on a passive matrix panel as you will move it faster than it can be
Of course, active matrix costs more then passive matrix (see costs section
- Resolution: This is key. Units come with either 640x480, 800x600,
1024x768 or 1280x1024 resolution. You pay for resolution at a rate
of about $2000 per incremental step. You need to seriously think about
the resolution requirements you will need. If your principle classroom
application will be to present web pages containing course material and
other useful information you will definitely want the 1024x768 resolution.
If your principle application is to run software on a PC or MAC and then
project it, then you can get by with a resolution that is the same as
that on your screen.
Until very recently, most LCD projectors were limited to 640x480 resolution
and could only do 800x600 in a compress and highly pixelated mode.
Now, there are two very good true 800x600 projectors that we have
evaluated (see below). The higher resolution units do not yet exist,
except for one 1280x1024 fixed focal length LCD projector made by
ASK. This has a list price of about $17,000.
- Whiteboard: Some panels have whiteboard capability which allow you
to draw directly on the screen that you are projecting on. This can be
useful at times.
- Monitor loopback cables. Many units offer cabling that allows a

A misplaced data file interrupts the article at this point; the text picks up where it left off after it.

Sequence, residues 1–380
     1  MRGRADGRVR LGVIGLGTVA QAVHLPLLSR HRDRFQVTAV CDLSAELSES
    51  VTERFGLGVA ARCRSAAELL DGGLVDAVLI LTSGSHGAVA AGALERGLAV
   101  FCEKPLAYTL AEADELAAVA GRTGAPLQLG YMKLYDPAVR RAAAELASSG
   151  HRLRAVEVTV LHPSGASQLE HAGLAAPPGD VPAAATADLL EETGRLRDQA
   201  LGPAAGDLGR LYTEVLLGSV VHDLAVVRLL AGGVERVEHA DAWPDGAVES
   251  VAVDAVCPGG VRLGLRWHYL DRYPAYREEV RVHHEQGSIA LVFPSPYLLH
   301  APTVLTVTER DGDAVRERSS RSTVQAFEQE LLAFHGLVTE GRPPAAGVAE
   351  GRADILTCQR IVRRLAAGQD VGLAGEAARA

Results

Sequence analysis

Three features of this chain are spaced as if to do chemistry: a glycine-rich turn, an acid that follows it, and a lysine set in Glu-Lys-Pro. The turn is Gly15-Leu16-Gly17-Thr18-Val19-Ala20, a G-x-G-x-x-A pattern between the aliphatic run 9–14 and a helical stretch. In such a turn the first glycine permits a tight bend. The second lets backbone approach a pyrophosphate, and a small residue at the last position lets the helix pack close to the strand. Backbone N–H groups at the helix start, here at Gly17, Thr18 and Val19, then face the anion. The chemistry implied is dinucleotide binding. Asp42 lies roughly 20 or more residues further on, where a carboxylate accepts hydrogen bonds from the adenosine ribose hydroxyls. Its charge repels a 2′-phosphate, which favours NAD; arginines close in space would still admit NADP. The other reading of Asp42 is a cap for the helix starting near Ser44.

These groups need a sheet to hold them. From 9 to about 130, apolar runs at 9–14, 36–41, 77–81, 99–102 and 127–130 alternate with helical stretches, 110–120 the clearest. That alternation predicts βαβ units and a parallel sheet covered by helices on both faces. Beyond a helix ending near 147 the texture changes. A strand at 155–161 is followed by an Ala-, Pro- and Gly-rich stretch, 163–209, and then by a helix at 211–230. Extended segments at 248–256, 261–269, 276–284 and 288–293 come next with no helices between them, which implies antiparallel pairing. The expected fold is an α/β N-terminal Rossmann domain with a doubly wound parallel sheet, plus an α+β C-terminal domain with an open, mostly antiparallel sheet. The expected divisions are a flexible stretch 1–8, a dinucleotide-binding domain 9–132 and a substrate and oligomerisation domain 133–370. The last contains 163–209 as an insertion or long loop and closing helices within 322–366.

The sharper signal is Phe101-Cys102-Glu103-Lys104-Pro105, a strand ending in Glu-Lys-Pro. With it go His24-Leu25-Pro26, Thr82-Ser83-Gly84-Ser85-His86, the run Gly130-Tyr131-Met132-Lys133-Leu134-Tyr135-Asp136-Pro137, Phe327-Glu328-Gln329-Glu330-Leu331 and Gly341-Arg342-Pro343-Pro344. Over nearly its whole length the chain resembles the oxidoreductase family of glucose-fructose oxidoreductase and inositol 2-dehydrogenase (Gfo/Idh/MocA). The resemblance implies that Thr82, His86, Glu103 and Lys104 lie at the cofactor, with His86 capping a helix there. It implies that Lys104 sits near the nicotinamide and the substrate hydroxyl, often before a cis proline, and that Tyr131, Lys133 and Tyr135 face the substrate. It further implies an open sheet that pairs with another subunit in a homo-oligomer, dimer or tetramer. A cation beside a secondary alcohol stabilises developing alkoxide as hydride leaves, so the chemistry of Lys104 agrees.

monitor to be hooked up as well. This is very useful for the instructor
who can then look at the monitor instead of the wall. However, this
can also be detrimental to the presentation if the presentor merely
stars into the monitor.
- Video Input: The latest active matrix panels accept video/Svideo input.
Thus one can hook a VCR/laserdisc directly to the panel and play video through
- Remote control pointing features: Newer units offer the ability
to use the remote control as a mouse by providing an RS232 port on
the projector. However, this requires disabling the internal pointer
on your laptop, which is something difficult to do in Windows 95.
As an alternative, we recommend the use of a radio (not infrared)
controlled mouse such as the Track Man Live product form Logitech.
We have had excellent success with this unit and have been able to
communicate with the laptop, and hence the presentation, from a distance
of up to 30 feet (it depends on the ambient RF in the room).
- Focal Length: Since most LCD presentations by business or in
conference rooms this is not an issue. But its a big issue in large
classrooms. We are actively searching, without much vendor cooperartion
I might add, for a long focal length LCD projector that has a throw
distance of 50--80 feet so that we can locate these units in the projection
booth along with the slide projectors and 16mm film projectors. Buhl
optical makes some reducing optics that can be used but they are
expansive and they don't increase the focal length enough. Think of
it this way, you know when you go to the movies and before the start
of the movie there is a static slide show. Why not use an LCD projector
for some multimedia show - because units don't exist with the correct
optics to focus the image to fill a theater screen. There is a market
out there, are you listening vendors?
- Most units directly accept VGA or SVGA input and are hence
designed for use with a PC.
- Interfacing the unit with a MAC requires a special cable.
- If you want to use a unix platform then you should purchase an NCD
MCX or HMX X-terminal which has a video out that you take directly to